Q: I live with my partner. We are not married but we have a joint bank account and a joint mortgage, and we purchased our house as joint tenants. We also have equal savings offsetting our mortgage in the account. The big difference is that my partner earns almost twice as much as me and when we purchased the property, he put up most of the deposit. So, if we split up would the property be split equally, irrespective of who put up the most deposit? And would I be entitled to withdraw my half of the savings? Finally, would the fact that he pays a bigger proportion of the bills give him more entitlement?Read more
A local law firm has reported a massive increase in the number of people wanting Wills and Lasting Powers of Attorney (LPAs) drawn up to protect their wishes, their assets and their families in the event that they are faced with a worse-case scenario during the Coronavirus pandemic.Read more
Q&A - If my ex is deliberately withholding money left to our daughter in his father’s Will, what can I do?
Q: My ex-husband’s father said he would leave money to my nineteen-year-old daughter when he died. A year after his death, nothing has appeared. My daughter’s father and uncle were the executors of the Will and her uncle continues to live in her grandfather’s house. I have approached my ex-husband, but he refuses to discuss it with me. Can I get a copy of the Will? And if it shows the old man’s wishes were not carried out, what can I do to ensure my daughter gets what is due to her?Read more
Q: We have lived the past ten years in dread of our daughter marrying her lazy partner, but at Christmas she announced they will marry in the Summer of 2020. As our only child she is the sole beneficiary of our Wills. Now we are terrified that our future son-in-law could end up with half her inheritance if they later divorce - if he hasn’t already squandered it away - and that our two grandchildren will not benefit later on. Is there any way we can put conditions in our Wills to protect our assets solely for the benefit of our daughter and grandchildren?Read more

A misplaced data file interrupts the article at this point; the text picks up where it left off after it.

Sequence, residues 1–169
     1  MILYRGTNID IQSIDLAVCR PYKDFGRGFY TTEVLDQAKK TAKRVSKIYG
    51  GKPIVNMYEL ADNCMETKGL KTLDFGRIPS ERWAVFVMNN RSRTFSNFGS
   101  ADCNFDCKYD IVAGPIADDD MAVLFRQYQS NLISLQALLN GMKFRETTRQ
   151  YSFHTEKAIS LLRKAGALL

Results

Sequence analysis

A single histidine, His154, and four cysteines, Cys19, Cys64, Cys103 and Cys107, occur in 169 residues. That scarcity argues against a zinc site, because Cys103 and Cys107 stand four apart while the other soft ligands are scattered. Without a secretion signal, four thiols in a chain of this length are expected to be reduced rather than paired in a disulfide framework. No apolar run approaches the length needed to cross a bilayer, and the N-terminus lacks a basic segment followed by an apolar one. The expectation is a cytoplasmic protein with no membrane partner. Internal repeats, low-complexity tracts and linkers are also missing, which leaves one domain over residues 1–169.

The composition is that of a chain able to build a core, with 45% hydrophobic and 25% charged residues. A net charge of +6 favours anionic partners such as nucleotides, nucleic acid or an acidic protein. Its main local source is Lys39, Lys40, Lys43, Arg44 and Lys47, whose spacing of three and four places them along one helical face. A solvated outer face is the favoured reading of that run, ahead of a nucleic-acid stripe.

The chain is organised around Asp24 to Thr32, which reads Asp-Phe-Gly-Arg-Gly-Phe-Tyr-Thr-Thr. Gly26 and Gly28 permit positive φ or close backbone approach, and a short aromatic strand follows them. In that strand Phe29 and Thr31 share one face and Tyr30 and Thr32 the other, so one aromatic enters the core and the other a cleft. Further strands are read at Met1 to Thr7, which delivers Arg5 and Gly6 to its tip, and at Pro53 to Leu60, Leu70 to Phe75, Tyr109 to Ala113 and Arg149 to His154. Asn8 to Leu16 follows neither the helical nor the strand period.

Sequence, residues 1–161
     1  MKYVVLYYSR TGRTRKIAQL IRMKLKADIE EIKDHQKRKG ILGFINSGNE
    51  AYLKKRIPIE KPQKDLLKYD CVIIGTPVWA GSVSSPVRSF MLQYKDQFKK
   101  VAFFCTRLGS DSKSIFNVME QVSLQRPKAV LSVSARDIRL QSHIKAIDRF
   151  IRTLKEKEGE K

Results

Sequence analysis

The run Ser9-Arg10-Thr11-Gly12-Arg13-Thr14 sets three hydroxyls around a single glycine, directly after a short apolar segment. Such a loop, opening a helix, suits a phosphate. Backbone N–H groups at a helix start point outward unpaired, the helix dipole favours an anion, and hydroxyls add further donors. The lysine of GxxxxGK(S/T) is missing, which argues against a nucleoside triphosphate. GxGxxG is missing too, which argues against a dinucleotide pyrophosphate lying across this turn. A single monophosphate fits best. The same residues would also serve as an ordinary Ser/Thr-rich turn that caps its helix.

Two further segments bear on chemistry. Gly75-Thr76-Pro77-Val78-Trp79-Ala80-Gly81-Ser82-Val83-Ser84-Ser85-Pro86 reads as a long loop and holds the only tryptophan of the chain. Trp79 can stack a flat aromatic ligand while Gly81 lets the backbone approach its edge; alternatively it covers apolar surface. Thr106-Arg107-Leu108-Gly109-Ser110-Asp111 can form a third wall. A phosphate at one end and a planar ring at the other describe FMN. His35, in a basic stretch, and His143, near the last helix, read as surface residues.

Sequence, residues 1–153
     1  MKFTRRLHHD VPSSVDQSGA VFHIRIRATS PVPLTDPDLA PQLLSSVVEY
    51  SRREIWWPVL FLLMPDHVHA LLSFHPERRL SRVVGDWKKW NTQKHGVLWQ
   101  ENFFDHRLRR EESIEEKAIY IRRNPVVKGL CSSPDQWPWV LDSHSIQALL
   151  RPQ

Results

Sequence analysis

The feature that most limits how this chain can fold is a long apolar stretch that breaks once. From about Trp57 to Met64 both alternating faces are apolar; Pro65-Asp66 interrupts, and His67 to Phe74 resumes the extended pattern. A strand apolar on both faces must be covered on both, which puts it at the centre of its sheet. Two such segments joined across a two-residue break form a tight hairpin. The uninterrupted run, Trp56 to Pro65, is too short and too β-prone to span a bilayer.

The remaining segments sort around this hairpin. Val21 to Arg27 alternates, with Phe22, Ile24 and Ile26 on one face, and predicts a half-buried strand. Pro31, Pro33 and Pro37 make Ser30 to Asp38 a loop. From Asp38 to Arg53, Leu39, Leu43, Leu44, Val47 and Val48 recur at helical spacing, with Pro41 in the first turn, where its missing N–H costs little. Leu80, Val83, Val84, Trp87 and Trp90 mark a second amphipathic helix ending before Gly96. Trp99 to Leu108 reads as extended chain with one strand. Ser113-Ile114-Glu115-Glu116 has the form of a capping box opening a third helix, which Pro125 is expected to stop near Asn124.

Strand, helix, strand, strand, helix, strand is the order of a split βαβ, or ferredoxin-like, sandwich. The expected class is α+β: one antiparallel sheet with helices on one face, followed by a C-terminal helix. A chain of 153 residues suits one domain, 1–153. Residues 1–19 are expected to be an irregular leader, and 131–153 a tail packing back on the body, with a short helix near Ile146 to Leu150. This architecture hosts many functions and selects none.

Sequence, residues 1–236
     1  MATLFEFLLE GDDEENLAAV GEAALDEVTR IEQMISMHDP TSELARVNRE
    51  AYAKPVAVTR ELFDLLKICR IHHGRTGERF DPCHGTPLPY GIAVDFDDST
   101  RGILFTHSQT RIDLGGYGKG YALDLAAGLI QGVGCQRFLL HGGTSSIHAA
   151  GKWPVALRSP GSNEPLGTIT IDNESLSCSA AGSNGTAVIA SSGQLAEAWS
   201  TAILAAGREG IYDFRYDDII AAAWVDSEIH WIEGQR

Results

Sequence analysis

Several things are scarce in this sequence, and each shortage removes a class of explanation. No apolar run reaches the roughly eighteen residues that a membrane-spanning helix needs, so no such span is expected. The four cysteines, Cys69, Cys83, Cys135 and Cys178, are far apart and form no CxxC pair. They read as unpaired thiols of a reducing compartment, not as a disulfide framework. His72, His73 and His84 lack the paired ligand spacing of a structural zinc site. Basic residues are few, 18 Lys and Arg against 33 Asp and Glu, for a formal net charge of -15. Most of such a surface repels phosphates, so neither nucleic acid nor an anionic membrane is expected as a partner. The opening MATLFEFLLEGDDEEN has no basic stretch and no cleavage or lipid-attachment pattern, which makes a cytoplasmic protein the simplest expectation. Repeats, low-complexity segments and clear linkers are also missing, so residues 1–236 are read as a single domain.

North Wales and Shropshire law firm, GHP Legal, has announced the qualification of another trainee solicitor. GHP Legal, which employs around one hundred staff at its offices in Wrexham, Oswestry, Llangollen and Chirk, is a long-time supporter of the solicitor training programme.Read more
Q: My partner is giving me a hard time about making a Will. But if neither of us has any children to fight over it, and my half of the house we bought together is less than the Statutory Legacy amount that I believe has just increased to £270,000, why would I need to make a Will?Read more
Q&A - My brother is more ill than he realises and needs to be sectioned. As his nearest relative what can I do?
Q: My brother has suffered mental illness for many years. His son and his wife have both died in the past twelve months and I think this has affected him far more badly than he realises. I am currently visiting him every week because I am so worried about him. I think he needs to be admitted to hospital for treatment as I believe he is a danger to himself, but he won’t discuss it. His wife always took responsibility for him when his mental health deteriorated in the past, but now he has no-one. Is there anything I can do?Read more
Q. I separated from my wife last month. I have read online that we should wait two years to get divorced as it will make things easier for us. Is this right?Read more
A new solicitor has been appointed to the busy Mental Health department at the Oswestry office of leading regional law firm, GHP Legal.
Andy Howarth is the latest mental health lawyer to join a highly qualified team of specialists at the firm which is one of very few in the area that has the expertise to deal with the growing number of mental health referrals the country is currently seeing.Read more
Q: I have just had my house valued and discovered it has risen considerably. I don’t have much cash but with the value of the house now exceeding £375,000 I am worried that it will mean my son having to pay Inheritance Tax when I die. I have considered signing the house over to him now, but at my age I am concerned I won’t live the required seven years after doing so for it to benefit him. What else can I do?Read more